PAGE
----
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 by Jim Gildea

Bernardston is a small rural town in western Massachusetts, located in north central Franklin County, on the border between Massachusetts and Vermont. The town is 23.4 square miles in area, with a population of approximately 2100. The town enjoys an Open Town Meeting form of government, with a three member Board of Selectmen. The major roads through town are US Route 5, MA Route 10 and Interstate 91.

In concert with the climate of New England, Bernardston's climate can be highly variable from year to year, often featuring cold winters and mild to hot summers. The winter season can be long and bitter or short and sweet. During the pleasant winter of 2011-12, Canada Geese were steady visitors to Bernardston's farm fields, eating the grass and weeds that stayed green throughout the winter months.

Bernardston's many hills are eastward extensions of both the Green Mountains and the Appalachians. East and west of the town's center where the Falls River runs, the hills rise steeply. Both Wildcat Mountain and Bald Mountain on the west and east sides of the Falls River, respectively, are more that 1100 feet above sea level. Deer and bears are plentiful and a small population of moose has also taken up residence.

Vegetation consists of two forest types: the transitional hardwood forest of the hills and a southern New England flood-plain forest. The majority of the town lies in the Connecticut River basin, though a small, southwesterly part lies in the Deerfield River Basin.

The extensive aquifer, fed by tributaries of the Falls River, feed the town's wells, supplying water to the central village. The Falls River is so named because a short distance south of town, it flows into the Connecticut River at the "Great Falls" (now known as Turners Falls).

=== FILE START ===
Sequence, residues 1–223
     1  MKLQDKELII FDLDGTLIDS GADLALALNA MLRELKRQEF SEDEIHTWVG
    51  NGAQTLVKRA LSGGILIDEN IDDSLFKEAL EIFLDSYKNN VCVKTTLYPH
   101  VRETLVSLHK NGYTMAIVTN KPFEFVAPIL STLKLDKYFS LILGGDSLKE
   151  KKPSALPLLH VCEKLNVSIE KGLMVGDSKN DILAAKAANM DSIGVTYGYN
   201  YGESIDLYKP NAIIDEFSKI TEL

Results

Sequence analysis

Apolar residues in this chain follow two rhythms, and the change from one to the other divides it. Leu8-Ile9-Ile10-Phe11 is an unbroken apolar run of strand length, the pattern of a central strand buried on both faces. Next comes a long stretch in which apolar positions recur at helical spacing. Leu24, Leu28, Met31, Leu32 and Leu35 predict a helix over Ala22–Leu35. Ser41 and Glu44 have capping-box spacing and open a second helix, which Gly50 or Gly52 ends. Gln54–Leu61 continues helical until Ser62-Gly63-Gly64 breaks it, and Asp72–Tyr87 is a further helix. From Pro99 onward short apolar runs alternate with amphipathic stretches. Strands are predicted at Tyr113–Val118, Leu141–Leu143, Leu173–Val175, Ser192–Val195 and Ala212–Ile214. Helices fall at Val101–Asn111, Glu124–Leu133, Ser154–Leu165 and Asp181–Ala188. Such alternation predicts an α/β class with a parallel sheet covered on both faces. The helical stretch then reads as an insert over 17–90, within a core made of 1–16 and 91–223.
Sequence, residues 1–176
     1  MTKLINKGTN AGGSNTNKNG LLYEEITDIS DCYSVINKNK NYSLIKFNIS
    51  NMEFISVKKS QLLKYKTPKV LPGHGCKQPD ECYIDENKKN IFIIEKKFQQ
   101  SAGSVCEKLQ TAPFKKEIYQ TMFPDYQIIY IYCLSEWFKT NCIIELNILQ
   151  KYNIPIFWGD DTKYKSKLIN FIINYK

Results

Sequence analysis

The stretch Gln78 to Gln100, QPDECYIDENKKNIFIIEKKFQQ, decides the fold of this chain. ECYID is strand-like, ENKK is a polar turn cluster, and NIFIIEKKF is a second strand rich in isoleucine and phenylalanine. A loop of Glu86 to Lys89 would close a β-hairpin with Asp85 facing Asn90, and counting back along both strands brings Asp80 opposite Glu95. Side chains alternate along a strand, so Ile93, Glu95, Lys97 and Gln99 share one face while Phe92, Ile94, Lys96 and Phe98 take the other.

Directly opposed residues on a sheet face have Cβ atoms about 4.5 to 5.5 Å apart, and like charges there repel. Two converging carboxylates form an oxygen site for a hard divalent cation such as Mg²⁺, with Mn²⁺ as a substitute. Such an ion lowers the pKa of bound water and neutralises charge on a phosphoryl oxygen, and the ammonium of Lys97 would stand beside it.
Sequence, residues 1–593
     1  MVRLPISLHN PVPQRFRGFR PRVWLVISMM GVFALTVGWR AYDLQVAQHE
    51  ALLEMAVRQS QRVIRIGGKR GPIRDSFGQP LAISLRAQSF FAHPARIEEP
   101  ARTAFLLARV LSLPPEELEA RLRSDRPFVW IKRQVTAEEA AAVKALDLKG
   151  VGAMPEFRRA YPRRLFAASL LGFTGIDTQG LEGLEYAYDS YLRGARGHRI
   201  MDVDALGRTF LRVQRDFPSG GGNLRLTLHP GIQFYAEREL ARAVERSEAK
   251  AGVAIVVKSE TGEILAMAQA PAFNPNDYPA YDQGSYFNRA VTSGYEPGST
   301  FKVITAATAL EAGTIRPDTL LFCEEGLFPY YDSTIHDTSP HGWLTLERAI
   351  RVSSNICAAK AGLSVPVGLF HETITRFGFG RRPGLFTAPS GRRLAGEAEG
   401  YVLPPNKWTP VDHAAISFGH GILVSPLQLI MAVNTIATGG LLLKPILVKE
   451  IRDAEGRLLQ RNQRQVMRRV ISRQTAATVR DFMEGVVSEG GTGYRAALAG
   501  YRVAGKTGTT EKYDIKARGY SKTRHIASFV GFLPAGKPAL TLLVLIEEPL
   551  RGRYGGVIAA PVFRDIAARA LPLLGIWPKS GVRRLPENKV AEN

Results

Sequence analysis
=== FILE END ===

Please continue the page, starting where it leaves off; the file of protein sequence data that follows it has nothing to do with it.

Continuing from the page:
Bernardston is characterized by some of the most fertile, agricultural soils in the country and features a rich network of rivers and streams that flow from an extensive network of springs in the hills and mountains.

Bernardston was first settled by the survivors and families of soldiers who had fought in a skirmish at the "Great Falls" in 1676 during "King Phillip's War". The town was formed as "Falls Fight Township" in 1734 by petition to the state legislature of Samuel Hunt of Billerica. Hunt's father had been a member of the militia at the Falls Fight in 1676. The town's name was changed to Bernardston in 1762, when the town petitioned for incorporation. Francis Bernard was Royal Governor from 1760-1769.

Four forts were among the first homes in Bernardston. A fort on Huckle Hill, adjacent to the former Meeting House/Congregational Church, was built in 1739-40 to protect the settlers during "King George's War". That was known in America at the (first) "French and Indian War". At the end of the second French and Indian War (1756-63), when Bernardston was considered safe from further attack, the forts were no longer used and the Meeting House/Congregational Church was moved to the Town Center. The former Meeting House was one of the earliest Congregational Churches built in Massachusetts. Today it's on the "National Register of Historical Places", and is part of the Unitarian Church.

Another fort in North Bernardston later became a tavern on the stage coach route that ran from Deerfield to Canada along today's Route 5. That route paralleled a native trail that ran along the Green River west of Bernardston's hills.

Bernardston continues to value its history and rural New England landscape, while maintaining its historic open spaces and recreational areas.

 
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